'HR has the power to model how all staff should be treated'

PR guru reveals how HR leaders can mitigate a brand disaster

'HR has the power to model how all staff should be treated'

As HR leaders, you’re often called upon to make those tough calls that everyone else is reluctant to take up – particularly when it comes to terminations. The recent ousting of Lisa LaFlamme from CTV National News has given rise to questions around the correct way to terminate employee contracts. Something which Eric Yaverbaum, CEO of Ericho Communications, believes should be done transparently, respectfully, and with grace and gratitude. Speaking to HRD, the PR guru revealed his own opinions on LaFlamme’s sudden departure and advised HR leaders on how to layoff staff with care.

“The abruptness, lack of transparency, and lack of respect in Bell’s handling of this situation were a sure-fire recipe for a PR crisis and have fuelled speculation that sexism and ageism played a role in LaFlamme’s dismissal,” he told HRD. “Simply put, this is not how you treat your employees—and certainly not one that has been with you for 35 years and has had as impressive of a career as LaFlamme.”

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There’s no denying that a PR disaster can have unprecedented repercussion on a brand – big or small. In today’s digitized world, where everything can be recorded, uploaded, an shared in an instant, employers should be constantly on their guard to protect their reputation. As a public relations expert with over 40 years in the industry, Yaverbaum believes that the simplest and most effective way to heal a PR breach is to offer a sincere, and authentic, apology.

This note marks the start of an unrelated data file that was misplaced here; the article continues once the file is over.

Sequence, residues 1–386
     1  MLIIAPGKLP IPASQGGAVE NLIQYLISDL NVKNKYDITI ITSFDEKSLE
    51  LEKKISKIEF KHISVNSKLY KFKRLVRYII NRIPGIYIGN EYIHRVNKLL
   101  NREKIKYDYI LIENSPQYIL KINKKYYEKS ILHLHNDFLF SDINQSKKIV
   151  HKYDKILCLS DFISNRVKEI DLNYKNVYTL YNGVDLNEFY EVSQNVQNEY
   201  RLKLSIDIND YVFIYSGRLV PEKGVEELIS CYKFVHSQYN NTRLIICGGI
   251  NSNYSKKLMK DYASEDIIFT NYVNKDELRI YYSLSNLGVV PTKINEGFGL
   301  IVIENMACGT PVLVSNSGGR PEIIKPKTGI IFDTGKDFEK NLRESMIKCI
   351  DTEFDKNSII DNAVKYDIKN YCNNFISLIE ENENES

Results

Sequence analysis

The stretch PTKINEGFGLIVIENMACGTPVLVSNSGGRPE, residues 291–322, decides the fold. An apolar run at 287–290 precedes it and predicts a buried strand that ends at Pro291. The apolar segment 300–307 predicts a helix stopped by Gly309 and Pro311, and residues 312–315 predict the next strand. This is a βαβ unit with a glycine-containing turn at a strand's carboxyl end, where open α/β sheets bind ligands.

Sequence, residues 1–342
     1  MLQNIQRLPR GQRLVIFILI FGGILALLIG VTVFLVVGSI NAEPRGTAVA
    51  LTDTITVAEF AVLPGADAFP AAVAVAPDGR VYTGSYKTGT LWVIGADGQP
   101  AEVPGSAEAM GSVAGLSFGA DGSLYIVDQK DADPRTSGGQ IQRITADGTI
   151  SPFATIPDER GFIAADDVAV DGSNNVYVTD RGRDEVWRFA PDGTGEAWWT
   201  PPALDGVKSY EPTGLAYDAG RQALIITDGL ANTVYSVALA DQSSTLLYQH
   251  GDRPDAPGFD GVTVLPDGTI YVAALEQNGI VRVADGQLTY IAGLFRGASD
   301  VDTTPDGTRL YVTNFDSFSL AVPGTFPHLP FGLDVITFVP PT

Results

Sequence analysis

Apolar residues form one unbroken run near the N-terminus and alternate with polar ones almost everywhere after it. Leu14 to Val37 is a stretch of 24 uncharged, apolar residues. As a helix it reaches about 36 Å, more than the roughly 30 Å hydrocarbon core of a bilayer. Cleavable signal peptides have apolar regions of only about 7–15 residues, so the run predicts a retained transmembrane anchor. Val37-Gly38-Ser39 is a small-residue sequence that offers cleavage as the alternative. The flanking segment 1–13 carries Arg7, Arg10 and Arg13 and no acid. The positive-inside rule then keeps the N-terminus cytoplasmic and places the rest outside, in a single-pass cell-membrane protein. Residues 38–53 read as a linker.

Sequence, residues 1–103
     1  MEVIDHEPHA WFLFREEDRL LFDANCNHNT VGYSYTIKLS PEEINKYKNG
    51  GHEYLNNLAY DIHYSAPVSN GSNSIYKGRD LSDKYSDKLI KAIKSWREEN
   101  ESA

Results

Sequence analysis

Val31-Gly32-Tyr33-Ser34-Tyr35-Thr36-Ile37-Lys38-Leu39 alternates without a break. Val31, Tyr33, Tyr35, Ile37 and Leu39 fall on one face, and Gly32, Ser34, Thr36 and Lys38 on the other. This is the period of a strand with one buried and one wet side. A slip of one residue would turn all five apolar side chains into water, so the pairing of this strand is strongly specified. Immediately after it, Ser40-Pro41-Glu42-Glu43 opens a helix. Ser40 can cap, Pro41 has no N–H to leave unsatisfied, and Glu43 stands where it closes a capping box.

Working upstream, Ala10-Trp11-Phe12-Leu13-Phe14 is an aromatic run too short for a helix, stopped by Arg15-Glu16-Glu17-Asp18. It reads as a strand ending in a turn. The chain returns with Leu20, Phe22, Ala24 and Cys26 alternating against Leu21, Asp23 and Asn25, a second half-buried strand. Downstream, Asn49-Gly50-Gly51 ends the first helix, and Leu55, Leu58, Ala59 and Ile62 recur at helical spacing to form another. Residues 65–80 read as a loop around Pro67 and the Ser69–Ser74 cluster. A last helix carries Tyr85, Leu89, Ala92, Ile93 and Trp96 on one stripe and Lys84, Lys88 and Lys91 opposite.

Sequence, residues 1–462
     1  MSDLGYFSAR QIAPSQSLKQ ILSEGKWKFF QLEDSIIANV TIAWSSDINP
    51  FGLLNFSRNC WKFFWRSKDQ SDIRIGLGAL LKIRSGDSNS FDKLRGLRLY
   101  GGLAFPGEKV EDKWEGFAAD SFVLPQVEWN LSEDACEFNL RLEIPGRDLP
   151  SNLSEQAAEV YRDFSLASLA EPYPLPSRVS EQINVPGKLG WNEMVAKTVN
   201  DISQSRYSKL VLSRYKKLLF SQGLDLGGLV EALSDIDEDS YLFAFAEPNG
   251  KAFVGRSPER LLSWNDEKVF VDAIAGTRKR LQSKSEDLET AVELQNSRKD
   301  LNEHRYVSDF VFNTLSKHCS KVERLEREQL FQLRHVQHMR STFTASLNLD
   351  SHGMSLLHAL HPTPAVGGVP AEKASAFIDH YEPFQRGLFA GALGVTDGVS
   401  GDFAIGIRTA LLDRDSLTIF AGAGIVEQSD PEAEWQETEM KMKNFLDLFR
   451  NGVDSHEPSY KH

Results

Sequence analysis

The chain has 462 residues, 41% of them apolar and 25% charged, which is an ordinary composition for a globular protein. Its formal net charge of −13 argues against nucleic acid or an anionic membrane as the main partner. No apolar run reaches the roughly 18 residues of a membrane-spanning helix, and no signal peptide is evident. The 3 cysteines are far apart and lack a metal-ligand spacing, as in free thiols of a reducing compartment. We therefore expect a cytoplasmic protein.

“Believe it or not, but there actually is a ‘right way to apologize’,” he told HRD. “While it may be tempting to want to simply say sorry in order to be able to move on, that’s absolutely the wrong way. Before a public apology is even made, there needs to be some serious self-reflection where you come to a meaningful understanding of why what you did was harmful (remember even if it wasn’t the intention, the harm caused is real). Once you fully understand why it was wrong, then the next step is to fully own what you did, lay out how you intend to prevent a recurrence, and—critically—immediately follow this with the appropriate action. Making things right is a process, not a one-and-done deal. The key is a genuine understanding of wrongdoing along with a tangible commitment to do better.”

HR and the battle against bias

Over the past few years HR’s gone from an administrative role to a strategic business partner – a function that the C-suite (quite simply) couldn’t do without. Having been propelled into the heart of the organization, HR not sits at the helm of people strategy – something which directly impacts every arm of a business. For Yaverbaum, he believes that HR leaders have the propensity to end issues such as ageism, racism, and sexism in the workplace for good.

“All employees deserve to be treated with respect,” added Yaverbaum. “All inclusive workplaces begin at the top and HR has the power and influence to model how all staff should be treated. It’s not enough to simply send notices stating that ageism is wrong—this needs to be made clear by how HR and leadership treat all employees.

“Open up lines of communication so that workers can easily express concerns and receive the appropriate support. Disseminate clear, simple, and fact-based information that helps to dispel biases and be sure that it’s in fact modelled from the top down every single day. Take concerns seriously, investigate them transparently, and have clear, zero-tolerance repercussions for discrimination.”

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